In Them , Nathan McCall's debut novel (Atria Books, 338 pages, $25) , the title refers both to the black residents of one Atlanta inner-city ward and the young white "urban homesteaders" who are moving in, snapping up properties, and literally changing the neighborhood's complexion. They might mean well, but in this uneasy tale of gentrification the road to hell is paved with good intentions, lined with reasonably priced fixer-uppers, and blessed with fine architectural details and a great view of downtown.

The close-in Old Fourth Ward may be shabby, but it's been home to generations of Atlanta black families. Suddenly it's on real-estate agents' radar (they follow the gay pride flags), and overnight the Old Fourth's oil-drum barbecues and dice games are being replaced by Labradors and jogging strollers. The new folks see themselves as pioneers…but the longtime residents see them as colonizers.

Taciturn renter Barlowe Reed has lived in the Old Fourth Ward for years and dreams of buying his house, but all the sales are going to people like his new neighbors Sean and Sandy Gilmore, the latest ex-suburbanites on the block. Barlowe and Sandy attempt a sort of back-fence acquaintanceship (much to Sean's disapproval), but the gulf between their perceptions and experiences is just too wide.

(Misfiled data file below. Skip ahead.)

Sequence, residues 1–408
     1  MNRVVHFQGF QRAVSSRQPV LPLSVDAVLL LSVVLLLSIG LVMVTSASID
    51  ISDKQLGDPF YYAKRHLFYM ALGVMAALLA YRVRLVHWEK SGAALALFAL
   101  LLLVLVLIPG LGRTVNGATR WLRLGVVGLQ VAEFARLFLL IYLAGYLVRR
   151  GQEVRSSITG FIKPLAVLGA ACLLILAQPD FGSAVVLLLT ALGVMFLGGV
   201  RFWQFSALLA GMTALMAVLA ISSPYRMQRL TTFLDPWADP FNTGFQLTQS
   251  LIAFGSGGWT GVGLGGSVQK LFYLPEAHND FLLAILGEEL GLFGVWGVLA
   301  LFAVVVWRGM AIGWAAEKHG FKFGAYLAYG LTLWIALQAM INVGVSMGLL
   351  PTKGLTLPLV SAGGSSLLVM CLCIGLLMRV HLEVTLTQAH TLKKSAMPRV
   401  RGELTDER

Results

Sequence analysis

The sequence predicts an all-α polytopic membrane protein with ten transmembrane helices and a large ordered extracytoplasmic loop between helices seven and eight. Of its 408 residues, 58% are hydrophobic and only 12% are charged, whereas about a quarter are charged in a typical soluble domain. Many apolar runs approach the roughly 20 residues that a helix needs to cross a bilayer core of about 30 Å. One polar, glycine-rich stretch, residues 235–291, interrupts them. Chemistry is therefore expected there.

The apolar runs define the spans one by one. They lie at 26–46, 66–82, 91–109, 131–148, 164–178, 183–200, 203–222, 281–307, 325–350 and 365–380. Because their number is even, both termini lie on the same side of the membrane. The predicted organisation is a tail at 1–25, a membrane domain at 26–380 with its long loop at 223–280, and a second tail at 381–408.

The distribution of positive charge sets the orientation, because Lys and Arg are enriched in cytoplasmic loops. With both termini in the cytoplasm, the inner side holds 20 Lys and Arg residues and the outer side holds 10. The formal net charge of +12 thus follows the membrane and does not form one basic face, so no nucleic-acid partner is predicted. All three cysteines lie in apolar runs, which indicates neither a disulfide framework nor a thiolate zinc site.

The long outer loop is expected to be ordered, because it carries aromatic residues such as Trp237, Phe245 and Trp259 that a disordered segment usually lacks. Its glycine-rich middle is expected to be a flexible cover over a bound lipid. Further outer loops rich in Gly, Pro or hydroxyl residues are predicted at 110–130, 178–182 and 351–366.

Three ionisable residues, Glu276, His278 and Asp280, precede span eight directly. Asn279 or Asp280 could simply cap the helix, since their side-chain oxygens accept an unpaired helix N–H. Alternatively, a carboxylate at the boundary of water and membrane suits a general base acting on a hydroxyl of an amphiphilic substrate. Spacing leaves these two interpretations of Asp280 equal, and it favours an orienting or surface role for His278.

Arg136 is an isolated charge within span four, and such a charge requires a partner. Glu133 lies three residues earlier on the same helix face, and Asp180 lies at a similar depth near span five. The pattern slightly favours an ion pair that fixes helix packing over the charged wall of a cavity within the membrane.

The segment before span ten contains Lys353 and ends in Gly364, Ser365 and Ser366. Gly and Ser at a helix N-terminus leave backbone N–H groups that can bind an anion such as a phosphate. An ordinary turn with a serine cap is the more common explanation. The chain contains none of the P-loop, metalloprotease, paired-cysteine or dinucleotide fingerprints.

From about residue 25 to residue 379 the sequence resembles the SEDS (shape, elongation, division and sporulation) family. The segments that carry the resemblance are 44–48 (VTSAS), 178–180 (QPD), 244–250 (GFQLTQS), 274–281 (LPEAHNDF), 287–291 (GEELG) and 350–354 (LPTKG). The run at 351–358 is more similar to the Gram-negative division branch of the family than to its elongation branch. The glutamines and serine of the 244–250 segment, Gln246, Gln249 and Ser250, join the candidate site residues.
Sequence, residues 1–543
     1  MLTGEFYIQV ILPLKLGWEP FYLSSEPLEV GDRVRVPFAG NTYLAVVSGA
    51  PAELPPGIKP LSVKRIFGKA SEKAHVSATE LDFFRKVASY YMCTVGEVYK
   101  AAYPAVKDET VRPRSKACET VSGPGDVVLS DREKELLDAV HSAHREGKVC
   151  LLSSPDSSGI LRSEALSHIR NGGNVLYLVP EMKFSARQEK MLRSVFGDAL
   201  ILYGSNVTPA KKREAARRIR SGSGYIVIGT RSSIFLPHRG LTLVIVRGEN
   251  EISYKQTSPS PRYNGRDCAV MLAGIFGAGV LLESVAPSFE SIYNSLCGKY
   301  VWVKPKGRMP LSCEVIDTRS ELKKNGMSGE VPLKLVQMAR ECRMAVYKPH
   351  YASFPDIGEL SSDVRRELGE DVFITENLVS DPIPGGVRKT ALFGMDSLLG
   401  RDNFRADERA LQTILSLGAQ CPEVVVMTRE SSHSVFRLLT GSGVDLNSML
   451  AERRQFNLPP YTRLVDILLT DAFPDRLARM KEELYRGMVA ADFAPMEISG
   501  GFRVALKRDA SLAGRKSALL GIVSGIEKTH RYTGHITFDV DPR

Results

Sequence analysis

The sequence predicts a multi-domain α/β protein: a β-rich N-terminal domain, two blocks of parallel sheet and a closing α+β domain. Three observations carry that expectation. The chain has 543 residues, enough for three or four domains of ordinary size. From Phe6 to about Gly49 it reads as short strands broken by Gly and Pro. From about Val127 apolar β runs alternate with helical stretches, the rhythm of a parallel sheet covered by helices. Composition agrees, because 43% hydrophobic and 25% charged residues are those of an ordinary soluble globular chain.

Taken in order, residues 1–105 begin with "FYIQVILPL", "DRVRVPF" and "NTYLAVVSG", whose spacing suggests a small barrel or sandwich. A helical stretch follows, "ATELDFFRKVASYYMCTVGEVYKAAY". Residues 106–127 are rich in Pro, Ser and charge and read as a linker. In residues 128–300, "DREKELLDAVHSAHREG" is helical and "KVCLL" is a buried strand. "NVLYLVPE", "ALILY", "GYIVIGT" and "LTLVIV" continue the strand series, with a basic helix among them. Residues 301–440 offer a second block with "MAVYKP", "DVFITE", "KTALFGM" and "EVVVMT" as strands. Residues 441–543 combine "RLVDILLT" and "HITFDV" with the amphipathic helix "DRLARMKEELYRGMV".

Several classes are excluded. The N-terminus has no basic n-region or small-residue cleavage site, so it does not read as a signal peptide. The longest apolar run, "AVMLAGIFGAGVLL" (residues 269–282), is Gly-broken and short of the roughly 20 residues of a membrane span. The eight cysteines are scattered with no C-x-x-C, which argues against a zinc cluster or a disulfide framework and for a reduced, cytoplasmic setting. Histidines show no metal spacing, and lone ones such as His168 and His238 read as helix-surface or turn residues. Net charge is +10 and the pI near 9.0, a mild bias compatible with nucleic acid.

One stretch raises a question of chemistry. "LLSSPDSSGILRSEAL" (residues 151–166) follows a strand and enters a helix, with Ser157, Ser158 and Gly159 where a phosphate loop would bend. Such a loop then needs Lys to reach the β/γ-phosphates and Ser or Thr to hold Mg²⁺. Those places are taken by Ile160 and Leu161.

"I can't win," wails Sandy, after Barlowe questions her motivations one too many times. "You already won," he informs her, going back inside.

Meanwhile, the Seans and Sandys can't help but turn their new neighborhood into a boutique district of pottery shops and spendy bistros, all the while stroking themselves for their "diversity." With each new arrival, the Old Fourth looks more like the suburbs the Gilmores left behind; with each new departure, the authentic community is diminished. The improvement in city services that follows the arrival of the whites—freshly paved roads, police patrols—is particularly infuriating to the long-neglected locals. And marching ever closer: condominiums.

By the time the local mini-mart, a decades-old neighborhood hangout, becomes a latte joint catering to dreadlocked white creative-class types, Them takes on the inexorable pull of Spike Lee's Do the Right Thing —the only question is what the flashpoint will be, and who will be hurt by novel's end.

McCall draws his characters with a broad pen (with the exception of Barlowe), and includes some heavy-handed symbolism involving a cote of homing pigeons on a back porch. But there's something to make readers wince with recognition in every chapter; when a pair of clueless white residents approach an elderly black man, petitions in hand for a new bike path the old man couldn't care less about, McCall's Atlanta feels uncomfortably like our Alberta.


Nathan McCall reads from


at Powell's City of Books, 1005 W Burnside St., 228-0540. 7:30 pm Friday, Jan. 18. Free.